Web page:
More caught plagiarizing on professional papers.
The charge is just the latest in a long series of allegations of plagiarism that often involve senior officials of the government, including the recently fired health minister, Marzieh Vahid-Dastjerdi
In the latest case, none of the authors were government officials. Three of the authors were from Shiraz University and the fourth was an Iranian teaching in Singapore.
The six-page article appeared in the April 2010 issue of Journal of Magnetism and Magnetic Materials, published by Elsevier, the largest publisher of scientific journals in the world with 2,735 professional journals. The magazine is overseen by a 45-member editorial board of specialists in the field from all over the world.
The latest issue says the article has been withdrawn from the magazine files because "the authors have plagiarized part of a paper that" by a Japanese scientists that had been published in 2007.
Elsevier said, "One of the conditions of submission of a paper for publication is that authors declare explicitly that their work is original and has not appeared in a publication elsewhere. Re-use of any data should be appropriately cited. As such, this article represents a severe abuse of the scientific publishing system."
Those implicated were Amir H. Taghvaei, A. Ebrahimi and K. Janghorban of Shiraz University and M. Ghaffari of Nanyang Technological University in Singapore.
Three years ago, Jaras, a reformist website said 70 percent of a 2008 paper written by Dastjerdi before she became health minister had been listed from a 2003 paper written by a Chinese scientist.
Most of the exposes, however, have come from the US based Nature magazine which did some long articles in 2008 and 2009 detailing plagiarism by prominent Iranians.
The first person to be implicated was Masumeh Ebtekar, the head of the Environmental Protection Organization under President Khatami.
Nature also tabbed one-time Transport Minister Hamid Behbahani, who supervised President Ahmadi-nejad's doctoral thesis, for plagiarism in a paper he co-authored. Nature said the paper appeared based on three earlier articles by three different authors. The journal Transport retracted the paper, but the Iranian government has not yet investigated the allegations.
Behbahani told the public he did not plagiarize and that only parts of the article were identical to earlier work. He called the plagiarism allegations a "media attack, far from fairness and integrity" and "an illegitimate accusation."
The Majlis did, however, informally investigate current Science Minister Kamran Daneshjou and four papers he coauthored. Daneshjou oversaw the 2009 elections in his previous post of deputy interior minister.
The Majlis Science and Education Committee held an informal inquiry into the case and dismissed it after Daneshjou's colleague and co-author, Majid Shahravi, took responsibility for the content of the papers. Three of the four papers have been retracted from publications. The fourth paper was published in an Iranian journal.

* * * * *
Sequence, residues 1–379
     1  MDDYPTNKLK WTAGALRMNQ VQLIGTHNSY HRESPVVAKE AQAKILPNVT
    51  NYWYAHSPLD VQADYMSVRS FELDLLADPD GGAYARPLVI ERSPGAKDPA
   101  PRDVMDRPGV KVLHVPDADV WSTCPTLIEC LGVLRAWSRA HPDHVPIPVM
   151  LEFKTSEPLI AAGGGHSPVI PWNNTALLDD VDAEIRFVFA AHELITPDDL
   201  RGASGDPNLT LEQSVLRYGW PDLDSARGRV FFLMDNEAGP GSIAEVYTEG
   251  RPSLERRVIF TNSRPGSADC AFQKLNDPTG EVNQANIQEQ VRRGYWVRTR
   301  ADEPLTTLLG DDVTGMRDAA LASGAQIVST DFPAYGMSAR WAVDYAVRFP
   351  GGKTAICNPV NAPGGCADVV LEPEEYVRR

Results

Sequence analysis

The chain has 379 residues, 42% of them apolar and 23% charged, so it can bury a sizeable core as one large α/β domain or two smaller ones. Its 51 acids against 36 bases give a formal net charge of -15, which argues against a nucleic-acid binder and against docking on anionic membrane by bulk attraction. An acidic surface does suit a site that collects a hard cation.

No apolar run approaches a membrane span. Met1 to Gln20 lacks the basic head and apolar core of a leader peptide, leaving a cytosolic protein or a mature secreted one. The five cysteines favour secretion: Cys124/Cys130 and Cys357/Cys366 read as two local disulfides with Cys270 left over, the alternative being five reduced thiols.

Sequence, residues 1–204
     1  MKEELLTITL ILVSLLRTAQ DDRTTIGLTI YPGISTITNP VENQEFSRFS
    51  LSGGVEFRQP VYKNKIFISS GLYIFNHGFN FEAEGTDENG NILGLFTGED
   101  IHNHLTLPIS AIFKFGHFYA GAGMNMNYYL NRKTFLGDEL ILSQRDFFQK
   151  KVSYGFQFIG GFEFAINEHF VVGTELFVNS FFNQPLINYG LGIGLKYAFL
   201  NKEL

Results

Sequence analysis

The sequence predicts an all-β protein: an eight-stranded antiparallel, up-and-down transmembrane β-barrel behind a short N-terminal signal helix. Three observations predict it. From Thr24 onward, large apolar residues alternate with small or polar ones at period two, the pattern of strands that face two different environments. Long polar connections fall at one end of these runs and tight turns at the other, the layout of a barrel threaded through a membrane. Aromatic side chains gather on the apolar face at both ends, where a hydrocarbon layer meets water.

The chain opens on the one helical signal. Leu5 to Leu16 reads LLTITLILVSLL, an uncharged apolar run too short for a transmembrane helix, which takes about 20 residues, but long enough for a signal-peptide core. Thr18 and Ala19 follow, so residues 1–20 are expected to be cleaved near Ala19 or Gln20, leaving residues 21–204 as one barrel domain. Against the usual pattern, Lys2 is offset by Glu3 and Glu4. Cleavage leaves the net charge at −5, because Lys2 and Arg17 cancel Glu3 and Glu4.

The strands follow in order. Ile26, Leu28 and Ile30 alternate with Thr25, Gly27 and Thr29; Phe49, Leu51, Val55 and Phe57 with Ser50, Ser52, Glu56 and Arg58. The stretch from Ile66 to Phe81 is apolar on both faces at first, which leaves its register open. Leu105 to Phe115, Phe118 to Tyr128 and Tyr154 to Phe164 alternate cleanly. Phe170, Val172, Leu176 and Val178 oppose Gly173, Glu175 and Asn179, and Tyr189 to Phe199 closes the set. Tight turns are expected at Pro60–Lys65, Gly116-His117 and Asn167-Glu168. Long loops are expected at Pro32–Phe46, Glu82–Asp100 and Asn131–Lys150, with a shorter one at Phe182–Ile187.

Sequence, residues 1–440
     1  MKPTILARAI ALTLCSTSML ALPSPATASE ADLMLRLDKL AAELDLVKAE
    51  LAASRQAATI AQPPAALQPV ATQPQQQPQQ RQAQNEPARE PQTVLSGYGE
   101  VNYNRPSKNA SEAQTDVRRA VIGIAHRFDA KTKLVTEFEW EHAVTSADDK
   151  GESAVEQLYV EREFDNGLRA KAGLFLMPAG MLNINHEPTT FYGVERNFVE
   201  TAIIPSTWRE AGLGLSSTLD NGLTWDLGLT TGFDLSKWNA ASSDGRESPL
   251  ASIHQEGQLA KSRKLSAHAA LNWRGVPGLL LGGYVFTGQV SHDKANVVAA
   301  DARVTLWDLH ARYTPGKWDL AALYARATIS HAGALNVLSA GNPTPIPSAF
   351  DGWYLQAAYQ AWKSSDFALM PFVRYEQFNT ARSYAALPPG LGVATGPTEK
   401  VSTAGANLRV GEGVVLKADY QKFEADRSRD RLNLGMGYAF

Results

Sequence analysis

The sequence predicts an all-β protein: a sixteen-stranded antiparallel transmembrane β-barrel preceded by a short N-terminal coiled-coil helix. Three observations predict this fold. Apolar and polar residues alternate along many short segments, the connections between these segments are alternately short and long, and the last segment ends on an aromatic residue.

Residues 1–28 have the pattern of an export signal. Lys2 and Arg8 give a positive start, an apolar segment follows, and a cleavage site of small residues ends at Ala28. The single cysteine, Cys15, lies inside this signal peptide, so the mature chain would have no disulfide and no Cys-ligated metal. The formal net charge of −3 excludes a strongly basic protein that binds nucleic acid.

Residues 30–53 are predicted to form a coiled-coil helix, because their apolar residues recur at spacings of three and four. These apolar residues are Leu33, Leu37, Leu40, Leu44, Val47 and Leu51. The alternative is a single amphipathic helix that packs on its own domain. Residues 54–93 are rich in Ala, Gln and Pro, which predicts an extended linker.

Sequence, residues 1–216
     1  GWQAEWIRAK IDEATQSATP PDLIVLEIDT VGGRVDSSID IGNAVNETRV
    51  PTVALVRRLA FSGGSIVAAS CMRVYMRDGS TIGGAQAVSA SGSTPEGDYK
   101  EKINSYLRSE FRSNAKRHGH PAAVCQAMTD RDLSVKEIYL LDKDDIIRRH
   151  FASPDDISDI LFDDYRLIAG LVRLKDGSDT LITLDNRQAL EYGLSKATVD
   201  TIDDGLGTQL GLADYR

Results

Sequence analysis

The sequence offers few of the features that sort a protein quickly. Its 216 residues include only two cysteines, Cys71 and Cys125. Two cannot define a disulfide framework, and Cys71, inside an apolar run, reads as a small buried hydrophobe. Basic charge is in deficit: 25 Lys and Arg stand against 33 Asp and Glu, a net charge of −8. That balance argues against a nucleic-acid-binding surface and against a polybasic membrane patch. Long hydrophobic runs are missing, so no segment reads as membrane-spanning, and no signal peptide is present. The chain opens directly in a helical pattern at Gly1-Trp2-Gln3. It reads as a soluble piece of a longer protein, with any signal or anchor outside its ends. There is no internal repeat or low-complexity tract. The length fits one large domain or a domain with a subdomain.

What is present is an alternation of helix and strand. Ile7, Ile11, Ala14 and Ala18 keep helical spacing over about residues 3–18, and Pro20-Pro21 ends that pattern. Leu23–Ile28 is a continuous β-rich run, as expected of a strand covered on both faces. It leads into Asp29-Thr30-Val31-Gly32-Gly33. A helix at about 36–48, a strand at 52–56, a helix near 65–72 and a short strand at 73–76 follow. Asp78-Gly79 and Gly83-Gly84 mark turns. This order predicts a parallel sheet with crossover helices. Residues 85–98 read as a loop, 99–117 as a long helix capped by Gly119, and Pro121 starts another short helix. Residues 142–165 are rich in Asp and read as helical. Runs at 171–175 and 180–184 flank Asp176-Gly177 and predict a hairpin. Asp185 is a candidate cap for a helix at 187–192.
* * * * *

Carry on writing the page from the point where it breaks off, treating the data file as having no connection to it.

Nature speculated that the frequent cases of plagiarism in Iran are partly the result of poor fluency in English. Nature said the culture in Iran and some other developing countries expects officials to have strong academic credentials. That encourages resort to plagiarism to uphold this cultural expectation and gain promotions.
Nature notes many of Iran's best scientists left Iran after the 1979 Islamic revolution because universities were asked to eliminate Western influences and staff. Iranian research improved and became more credible in the late 1990s with the help of President Mohammad Khatami, who made academic appointments based on merit, Nature said. It said research in Iran has gone downhill since Ahmadi-nejad took power in 2005 because political influence directed promotions within universities.
In a 2009 issue, Nature cited other Iranian officials for plagiarism based on computer searches of theses for blocks of identical wording. Hassan Ziari, then a deputy minister of roads and transportation, was accused of plagiarism in a paper about asphalt-road resistance. Daneshjou later appointed him to head Payam-e Noor University in Tehran.
A paper on modeling pollution in Iran, co-authored by one of the 37 members of the Iranian Supreme Council of the Cultural Revolution, Mohammad Ali Kay-nejad, was also in question. Kay-nejad is an environmental engineer at Sahand University of Technology in Tabriz. His paper credited a 2001 conference paper on modeling pollution in Hungary. The Hungarian paper's claims were supposedly tested in Tabriz in 2007. Yet, Alison Tomlin, an environmental modeler at the University of Leeds in Britain and co-author of the Hungarian model, said the Iranian paper produced "no new results" and was "definitely a copy." Its computer simulations are supposed to have Iranian data but the data are identical to those in the Hungarian paper. In fact, the background map in the paper is not of Iran, but of Hungary.
|Printer friendly Cite/link Email Feedback|
|Publication:||Iran Times International (Washington, DC)|
|Date:||Jan 18, 2013|
|Previous Article:||Small protest in NY gets giant coverage in Tehran.|
|Next Article:||Obama must be harder on Iran.|